EU calls on London to halt the ''sausage war''

Photo: EPA Maros Sefcovic

EU pushed UK to accept a Swiss-style deal over veterinary differences on agricultural foods differences between Britain and Northern Ireland which has gained popularity as the ''sausage war''. The tension has risen after the Brexit process came into effect, Reuters reported. The issue is sensitive for Northern Ireland, particularly related to chilled meat, because the province’s open border with EU member Ireland is now part of Britain’s frontier with the EU’s single market.

EU Commissioner Maros Sefcovic, who is involved on behalf of the Union with Britain since it completed its exit from EU, said the biggest challenge for Brussels was how to rebuild trust and realign its relationship with London. “To build trust in each other requires first working together cooperatively and refraining from surprises”, he said, referring to Britain’s unilateral extension of grace periods for some food imports to its province of Northern Ireland. “In response, we were forced to launch an infringement procedure, and without satisfactory steps by the UK to remedy these measures we will have no choice but to step up these legal proceedings,” he told a conference. The EU is worried goods could flow unchecked from Northern Ireland into the single market. London says an important part of Brexit is not to be related to EU rules and has called on the bloc to show more flexibility in finding solutions to the paused issues.

Britain has also blamed the EU of an legal misinterpretation of the Northern Ireland protocol, an agreement which supervises trading arrangements following Brexit.

Sefcovic said legal steps over the protocol was not the EU’s favourite option and that an accord last week to a three-month extension for free movement of chilled meats into the province signalled its will to find pragmatic working solutions.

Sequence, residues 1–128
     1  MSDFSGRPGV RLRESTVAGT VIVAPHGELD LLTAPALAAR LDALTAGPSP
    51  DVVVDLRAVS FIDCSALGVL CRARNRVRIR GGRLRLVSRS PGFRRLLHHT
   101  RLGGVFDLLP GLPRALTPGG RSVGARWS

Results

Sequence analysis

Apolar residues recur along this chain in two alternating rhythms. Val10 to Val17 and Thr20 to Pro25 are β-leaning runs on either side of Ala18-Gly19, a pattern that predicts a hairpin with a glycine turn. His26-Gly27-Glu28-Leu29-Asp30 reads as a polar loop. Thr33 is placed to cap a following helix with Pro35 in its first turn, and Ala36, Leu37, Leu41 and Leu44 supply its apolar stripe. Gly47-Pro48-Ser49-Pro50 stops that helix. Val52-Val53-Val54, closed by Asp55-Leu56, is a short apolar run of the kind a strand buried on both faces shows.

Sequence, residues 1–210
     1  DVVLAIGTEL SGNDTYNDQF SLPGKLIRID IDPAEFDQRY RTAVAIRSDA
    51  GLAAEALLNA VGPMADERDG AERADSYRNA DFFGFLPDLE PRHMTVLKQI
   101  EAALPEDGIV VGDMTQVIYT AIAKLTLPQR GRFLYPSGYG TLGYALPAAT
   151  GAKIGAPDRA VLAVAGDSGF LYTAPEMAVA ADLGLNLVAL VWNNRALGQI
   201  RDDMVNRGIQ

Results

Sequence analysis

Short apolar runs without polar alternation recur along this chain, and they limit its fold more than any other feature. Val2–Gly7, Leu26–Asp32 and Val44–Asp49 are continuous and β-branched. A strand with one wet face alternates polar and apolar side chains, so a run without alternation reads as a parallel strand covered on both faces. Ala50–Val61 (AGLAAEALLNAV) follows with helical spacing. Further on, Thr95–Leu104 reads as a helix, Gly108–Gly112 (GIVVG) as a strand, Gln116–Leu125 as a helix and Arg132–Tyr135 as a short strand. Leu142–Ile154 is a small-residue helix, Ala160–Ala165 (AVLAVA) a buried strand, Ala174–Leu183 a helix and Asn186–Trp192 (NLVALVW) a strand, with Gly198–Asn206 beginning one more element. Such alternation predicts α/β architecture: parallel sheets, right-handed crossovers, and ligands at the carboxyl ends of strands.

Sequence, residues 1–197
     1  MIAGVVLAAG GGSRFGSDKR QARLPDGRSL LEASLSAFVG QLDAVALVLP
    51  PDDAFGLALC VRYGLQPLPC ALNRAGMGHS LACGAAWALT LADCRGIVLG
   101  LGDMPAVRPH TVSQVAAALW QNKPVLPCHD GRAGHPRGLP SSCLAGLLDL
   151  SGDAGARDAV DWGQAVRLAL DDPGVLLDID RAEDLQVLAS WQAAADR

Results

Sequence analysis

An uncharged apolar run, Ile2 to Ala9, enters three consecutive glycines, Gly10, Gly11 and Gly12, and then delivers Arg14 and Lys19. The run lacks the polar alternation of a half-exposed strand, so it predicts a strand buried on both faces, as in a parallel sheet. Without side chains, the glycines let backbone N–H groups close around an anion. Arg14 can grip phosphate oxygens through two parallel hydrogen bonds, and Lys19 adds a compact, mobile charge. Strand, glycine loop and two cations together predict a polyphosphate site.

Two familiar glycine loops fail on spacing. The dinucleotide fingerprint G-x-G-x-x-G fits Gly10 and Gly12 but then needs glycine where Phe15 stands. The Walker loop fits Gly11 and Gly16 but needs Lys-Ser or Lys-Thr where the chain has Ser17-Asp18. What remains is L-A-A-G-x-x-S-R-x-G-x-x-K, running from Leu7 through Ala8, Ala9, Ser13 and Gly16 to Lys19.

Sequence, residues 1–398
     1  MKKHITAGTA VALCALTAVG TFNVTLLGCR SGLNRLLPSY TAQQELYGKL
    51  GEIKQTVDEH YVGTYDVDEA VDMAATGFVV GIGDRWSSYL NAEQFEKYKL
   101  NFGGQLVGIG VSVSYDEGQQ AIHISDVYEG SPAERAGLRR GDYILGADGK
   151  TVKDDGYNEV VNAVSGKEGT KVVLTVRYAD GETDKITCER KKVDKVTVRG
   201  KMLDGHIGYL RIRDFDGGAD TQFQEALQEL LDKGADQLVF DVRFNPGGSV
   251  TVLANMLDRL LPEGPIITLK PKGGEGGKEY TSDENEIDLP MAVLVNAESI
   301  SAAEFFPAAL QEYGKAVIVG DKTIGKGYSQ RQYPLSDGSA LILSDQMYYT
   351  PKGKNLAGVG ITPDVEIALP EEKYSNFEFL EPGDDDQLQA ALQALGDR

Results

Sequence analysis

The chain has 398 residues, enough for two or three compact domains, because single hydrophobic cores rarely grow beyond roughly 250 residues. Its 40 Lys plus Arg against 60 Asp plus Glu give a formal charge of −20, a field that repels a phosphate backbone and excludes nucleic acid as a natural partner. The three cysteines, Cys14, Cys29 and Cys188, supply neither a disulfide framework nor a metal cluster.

He said a longer-term solution to avoid Sanitary and Phytosanitary (SPS) checks for agricultural food products which range from live animals to fresh meat and plant products, could be along the lines of an agreement the EU has with Switzerland.

That pact removes nearly all physical SPS checks, though not documentary checks, and achieves this through a dynamic regulatory mechanism that creates a Common Veterinary Area. “This could be negotiated very quickly and would address many concerns,” Sefcovic said. “The UK continuing to apply EU SPS rules will do away with a vast majority of the checks in the Irish Sea and would not require checks elsewhere, say in Northern Ireland.”

He said he was aware of the British government’s concerns about such a solution, but added it was important “not to get too caught up” with concerns about alignment of rules and regulations between Britain and the EU.

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